The States, a palatable New York-based, indy/pop/punk/rock band, don't exactly get my angsty, political blood boiling, but they do get bonus points for writing a song about former high-powered Republican lobbyist Jack Abramoff on their latest album, The Path of Least Resistance.
Abramoff, who was at the center of a wide-ranging public corruption investigation including fraud, tax evasion and conspiracy, gets criticized in the song "Black Jack" by The States. "How are you gonna tell your son that the game is over, that your hand is busted," they say in the song. Ouch!
Karl Rove doesn't get off too easy on the album, either. In the song "The Architect," The States criticize Rove and the Bush Administration with the lines "You can build where you don't belong if you are cautious Liberty is such a bitch, yeah, when you force it."
The only problem is that their well-polished hipster cool image and over-produced tracks make the band and their new album feel too safe for me. As a result, they don't feel very rebellious or dangerous, so their bark feels louder than their bite.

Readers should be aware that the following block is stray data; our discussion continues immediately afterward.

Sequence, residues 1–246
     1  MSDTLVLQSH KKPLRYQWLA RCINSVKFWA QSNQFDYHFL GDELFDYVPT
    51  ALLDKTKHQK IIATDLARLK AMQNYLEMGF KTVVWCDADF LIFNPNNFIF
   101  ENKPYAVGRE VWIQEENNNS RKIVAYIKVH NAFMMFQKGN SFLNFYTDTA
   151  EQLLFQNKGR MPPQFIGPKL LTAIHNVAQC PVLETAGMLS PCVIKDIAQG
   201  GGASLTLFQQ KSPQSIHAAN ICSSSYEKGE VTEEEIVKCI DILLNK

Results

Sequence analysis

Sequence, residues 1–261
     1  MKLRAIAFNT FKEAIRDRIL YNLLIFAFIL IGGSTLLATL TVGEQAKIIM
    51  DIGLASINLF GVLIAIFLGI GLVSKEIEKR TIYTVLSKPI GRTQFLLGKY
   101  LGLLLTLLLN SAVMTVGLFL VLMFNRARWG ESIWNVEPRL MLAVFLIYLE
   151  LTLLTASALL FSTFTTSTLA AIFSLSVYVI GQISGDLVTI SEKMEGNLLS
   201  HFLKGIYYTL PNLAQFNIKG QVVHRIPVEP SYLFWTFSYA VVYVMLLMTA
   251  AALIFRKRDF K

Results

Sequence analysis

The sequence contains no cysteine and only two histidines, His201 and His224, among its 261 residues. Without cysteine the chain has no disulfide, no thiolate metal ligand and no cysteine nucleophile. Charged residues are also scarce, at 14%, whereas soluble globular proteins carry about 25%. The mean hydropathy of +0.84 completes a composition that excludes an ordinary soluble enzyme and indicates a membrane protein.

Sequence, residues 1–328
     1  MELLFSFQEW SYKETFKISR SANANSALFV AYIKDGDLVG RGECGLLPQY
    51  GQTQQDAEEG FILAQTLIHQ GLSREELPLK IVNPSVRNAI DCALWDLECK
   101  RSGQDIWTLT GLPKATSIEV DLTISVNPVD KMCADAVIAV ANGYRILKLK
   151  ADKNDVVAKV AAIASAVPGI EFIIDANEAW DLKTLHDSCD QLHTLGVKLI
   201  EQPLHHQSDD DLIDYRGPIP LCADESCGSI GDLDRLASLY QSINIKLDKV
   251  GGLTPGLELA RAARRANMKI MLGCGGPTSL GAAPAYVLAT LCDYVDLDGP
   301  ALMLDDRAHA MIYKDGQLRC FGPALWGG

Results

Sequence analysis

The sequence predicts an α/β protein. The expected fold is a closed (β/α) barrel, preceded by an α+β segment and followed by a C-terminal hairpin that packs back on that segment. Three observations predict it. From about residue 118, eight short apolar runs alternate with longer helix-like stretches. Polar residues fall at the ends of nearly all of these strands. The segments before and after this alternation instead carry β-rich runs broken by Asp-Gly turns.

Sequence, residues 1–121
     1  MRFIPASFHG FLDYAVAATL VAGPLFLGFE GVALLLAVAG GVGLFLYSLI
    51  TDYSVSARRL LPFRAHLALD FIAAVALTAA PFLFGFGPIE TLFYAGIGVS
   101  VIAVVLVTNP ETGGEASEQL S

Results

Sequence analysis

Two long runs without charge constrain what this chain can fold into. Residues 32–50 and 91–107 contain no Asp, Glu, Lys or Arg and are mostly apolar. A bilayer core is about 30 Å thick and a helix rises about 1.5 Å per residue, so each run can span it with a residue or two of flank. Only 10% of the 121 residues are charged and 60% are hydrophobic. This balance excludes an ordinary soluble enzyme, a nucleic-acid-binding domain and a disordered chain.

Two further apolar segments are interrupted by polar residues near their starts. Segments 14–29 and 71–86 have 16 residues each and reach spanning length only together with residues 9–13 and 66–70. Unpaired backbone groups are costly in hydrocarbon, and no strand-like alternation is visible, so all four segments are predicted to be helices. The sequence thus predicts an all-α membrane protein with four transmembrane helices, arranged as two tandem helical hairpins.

Singer/songwriter Lee Hazlewood died Saturday in Henderson, Nevada, losing a three-year battle with kidney cancer. While Hazlewood had his own label and musical career, he was best known for penning tracks for Nancy Sinatra, especially "These Boots Are Made for Walking" and "Some Velvet Morning," on which he also sang. "Morning" is one of the weirder tracks to ever hit the Top 30 (reaching #26 on the Billboard charts in 1967)a reverby mix of country and psychedelia that's notable for its alternating 4/4 and 3/4 time signatures, whose accelerating back-and-forth provides the song's disorienting climax. The lyrics' open admission of substance use ("some velvet morning when I'm straight") made it a counter-cultural touchstone, and it's since been covered by artists from Slowdive and Primal Scream to Lydia Lunch and Vanilla Fudge.